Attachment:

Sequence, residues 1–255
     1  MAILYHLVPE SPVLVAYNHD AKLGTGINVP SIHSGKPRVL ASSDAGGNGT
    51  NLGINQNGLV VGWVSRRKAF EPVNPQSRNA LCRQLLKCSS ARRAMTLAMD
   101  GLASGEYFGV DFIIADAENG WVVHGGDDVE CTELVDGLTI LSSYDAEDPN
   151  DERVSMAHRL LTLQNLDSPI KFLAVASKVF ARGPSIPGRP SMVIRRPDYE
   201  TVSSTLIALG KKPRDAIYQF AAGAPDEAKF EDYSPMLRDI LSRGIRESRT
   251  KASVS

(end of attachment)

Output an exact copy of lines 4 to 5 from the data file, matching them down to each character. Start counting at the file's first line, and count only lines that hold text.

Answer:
   101  GLASGEYFGV DFIIADAENG WVVHGGDDVE CTELVDGLTI LSSYDAEDPN
   151  DERVSMAHRL LTLQNLDSPI KFLAVASKVF ARGPSIPGRP SMVIRRPDYE